Several web sites in the United States promote arguments that Arab map makers not only inspired Columbus to travel west in his 1492 search for a route to Asia from Europe, but that Arabs were in the Americas several centuries before his expedition. One area of supposed Muslim settlement during the seventh and eighth centuries is Nevada, based on research by controversial diffusionist H. Barraclough ("Barry") Fell (1917-1974). A Harvard biologist turned epigrapher, Fell acquired a following in 1976 with the publication of America B.C., which discussed the archaeological implications of epigraphy—the study of ancient man-made markings incised in stone, clay, wood, or bone.
Dr. Fell translated the inscription on this rock found at a dig in Nevada as being in old Cufic letters of North African Arabic: "In the Name of God."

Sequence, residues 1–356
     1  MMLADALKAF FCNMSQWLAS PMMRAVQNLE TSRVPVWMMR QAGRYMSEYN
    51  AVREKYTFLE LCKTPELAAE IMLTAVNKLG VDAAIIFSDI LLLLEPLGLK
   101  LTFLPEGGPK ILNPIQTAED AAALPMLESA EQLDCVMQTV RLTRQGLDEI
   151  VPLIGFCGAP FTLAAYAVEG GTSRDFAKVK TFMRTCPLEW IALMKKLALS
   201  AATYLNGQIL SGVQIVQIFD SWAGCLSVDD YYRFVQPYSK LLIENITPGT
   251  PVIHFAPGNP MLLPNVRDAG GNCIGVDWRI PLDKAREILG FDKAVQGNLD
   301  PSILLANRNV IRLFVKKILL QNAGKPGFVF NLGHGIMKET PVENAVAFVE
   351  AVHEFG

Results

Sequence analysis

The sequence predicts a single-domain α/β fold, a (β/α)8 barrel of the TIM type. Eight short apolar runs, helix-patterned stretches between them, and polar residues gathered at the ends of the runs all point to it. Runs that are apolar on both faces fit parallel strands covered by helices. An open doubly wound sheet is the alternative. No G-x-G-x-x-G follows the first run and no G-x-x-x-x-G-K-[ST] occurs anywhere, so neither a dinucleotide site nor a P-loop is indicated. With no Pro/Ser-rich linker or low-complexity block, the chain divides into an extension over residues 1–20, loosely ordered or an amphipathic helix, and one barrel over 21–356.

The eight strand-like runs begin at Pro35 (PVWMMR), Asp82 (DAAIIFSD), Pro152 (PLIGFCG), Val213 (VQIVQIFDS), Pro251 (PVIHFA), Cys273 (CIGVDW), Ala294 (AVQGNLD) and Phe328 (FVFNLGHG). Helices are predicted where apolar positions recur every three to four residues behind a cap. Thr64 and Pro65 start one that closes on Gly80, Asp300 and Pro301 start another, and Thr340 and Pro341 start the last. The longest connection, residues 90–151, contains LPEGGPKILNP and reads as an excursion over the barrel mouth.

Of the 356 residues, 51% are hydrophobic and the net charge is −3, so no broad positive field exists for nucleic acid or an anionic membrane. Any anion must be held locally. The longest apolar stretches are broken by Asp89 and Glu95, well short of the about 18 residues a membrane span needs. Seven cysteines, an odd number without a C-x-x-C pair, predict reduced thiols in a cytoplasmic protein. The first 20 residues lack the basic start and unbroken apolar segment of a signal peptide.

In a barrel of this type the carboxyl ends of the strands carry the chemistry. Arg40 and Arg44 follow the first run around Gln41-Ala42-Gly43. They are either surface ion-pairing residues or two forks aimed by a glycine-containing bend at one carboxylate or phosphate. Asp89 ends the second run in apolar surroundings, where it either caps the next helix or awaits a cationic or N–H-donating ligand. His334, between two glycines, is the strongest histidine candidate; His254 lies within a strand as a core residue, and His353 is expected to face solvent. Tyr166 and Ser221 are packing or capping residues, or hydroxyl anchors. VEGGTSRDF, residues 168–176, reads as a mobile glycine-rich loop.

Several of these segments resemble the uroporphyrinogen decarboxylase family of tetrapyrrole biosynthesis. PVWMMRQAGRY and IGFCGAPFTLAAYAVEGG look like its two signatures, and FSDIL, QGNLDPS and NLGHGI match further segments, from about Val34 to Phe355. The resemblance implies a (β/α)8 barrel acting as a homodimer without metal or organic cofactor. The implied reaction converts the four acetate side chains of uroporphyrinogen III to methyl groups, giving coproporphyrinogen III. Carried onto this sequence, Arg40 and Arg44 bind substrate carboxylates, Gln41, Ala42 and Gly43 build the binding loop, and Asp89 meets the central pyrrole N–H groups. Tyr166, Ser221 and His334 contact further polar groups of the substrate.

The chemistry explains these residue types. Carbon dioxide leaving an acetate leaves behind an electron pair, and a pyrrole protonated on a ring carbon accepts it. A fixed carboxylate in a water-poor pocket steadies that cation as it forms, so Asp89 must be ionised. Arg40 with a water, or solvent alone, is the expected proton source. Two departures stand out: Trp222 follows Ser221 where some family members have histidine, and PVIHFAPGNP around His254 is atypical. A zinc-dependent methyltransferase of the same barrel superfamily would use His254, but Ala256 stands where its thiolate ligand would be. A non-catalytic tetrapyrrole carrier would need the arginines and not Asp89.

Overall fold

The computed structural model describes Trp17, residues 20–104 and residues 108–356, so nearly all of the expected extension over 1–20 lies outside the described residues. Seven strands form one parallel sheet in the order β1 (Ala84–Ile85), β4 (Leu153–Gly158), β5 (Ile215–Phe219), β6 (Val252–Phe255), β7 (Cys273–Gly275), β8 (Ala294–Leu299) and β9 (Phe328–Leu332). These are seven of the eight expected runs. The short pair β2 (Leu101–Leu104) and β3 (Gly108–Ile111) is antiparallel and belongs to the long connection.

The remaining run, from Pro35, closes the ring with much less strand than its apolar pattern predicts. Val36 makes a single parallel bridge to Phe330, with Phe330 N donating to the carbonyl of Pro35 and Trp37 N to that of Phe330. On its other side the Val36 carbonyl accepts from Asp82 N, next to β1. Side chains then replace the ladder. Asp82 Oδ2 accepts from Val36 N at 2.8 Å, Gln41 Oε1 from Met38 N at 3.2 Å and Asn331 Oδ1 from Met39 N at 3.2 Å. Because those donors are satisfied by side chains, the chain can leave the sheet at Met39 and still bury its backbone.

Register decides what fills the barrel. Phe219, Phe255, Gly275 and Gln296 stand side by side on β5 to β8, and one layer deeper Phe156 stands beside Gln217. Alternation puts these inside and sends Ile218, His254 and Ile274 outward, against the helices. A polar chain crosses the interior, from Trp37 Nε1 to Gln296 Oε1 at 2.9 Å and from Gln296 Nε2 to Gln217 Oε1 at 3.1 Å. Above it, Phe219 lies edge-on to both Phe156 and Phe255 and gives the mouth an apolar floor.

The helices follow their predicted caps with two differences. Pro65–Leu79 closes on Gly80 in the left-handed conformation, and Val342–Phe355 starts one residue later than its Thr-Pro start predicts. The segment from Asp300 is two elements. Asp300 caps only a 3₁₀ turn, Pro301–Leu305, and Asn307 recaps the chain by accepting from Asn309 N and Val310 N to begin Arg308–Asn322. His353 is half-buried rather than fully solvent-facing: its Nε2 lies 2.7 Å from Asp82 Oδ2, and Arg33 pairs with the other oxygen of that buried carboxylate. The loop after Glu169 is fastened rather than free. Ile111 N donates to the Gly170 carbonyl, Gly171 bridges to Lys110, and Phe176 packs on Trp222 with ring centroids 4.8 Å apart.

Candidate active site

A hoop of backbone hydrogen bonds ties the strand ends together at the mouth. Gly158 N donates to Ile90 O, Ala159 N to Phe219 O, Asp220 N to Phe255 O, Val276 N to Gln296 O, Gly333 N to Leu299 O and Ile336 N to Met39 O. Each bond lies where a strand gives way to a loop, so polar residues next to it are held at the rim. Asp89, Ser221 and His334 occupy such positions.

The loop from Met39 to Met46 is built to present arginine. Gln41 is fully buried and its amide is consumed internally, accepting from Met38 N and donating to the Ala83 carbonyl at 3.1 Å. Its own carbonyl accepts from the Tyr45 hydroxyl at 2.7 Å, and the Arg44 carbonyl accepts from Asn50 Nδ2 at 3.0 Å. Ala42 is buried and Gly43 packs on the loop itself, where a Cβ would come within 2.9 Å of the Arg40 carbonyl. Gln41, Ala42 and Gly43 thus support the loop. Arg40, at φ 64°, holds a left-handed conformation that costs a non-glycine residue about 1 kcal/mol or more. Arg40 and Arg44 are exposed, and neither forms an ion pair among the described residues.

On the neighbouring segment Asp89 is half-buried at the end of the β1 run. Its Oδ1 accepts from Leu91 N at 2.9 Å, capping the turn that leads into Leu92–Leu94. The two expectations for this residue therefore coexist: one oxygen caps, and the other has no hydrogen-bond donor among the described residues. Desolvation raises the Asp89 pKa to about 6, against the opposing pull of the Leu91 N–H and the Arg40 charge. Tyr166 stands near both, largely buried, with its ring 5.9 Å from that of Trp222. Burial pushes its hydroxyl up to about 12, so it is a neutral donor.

Source: The Islamic Society of Nevada (ISON) has its roots in the Muslim Student Association at the University of Nevada Las Vegas. In 1984, some local residents established ISON, and in 1993 the first phase of the construction of the mosque began. In 1995, a school building was added to the mosque. http://www.lvmasjid.com/links/contact_us.asp. The Islamic Bulletin, published in San Francisco, is another organization promoting the notion of centuries of involvement by Muslims in the Americas.
Islamic Schools in the West
Among the many Islamic schools in the American West is Iqra Academy, part of the Islamic Society of Greater Salt Lake. Accredited since 2004 by the Northwest Association of Accredited Schools, the school is funded by students’ tuition and fees and by contributions from the community. The student body is a diverse group from 23 countries representing five continents. The school’s mission is